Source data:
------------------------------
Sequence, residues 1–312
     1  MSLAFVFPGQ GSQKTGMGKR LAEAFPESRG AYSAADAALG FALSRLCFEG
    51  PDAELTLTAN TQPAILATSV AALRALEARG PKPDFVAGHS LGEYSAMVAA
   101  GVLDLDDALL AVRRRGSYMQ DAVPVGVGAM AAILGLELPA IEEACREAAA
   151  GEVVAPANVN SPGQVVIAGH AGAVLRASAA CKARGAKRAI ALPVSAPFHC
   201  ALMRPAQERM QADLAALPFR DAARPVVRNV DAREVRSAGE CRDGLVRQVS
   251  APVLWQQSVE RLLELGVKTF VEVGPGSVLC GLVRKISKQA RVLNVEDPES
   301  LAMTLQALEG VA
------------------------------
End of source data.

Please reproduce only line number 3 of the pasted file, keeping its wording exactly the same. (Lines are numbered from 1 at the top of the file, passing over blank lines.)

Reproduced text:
    51  PDAELTLTAN TQPAILATSV AALRALEARG PKPDFVAGHS LGEYSAMVAA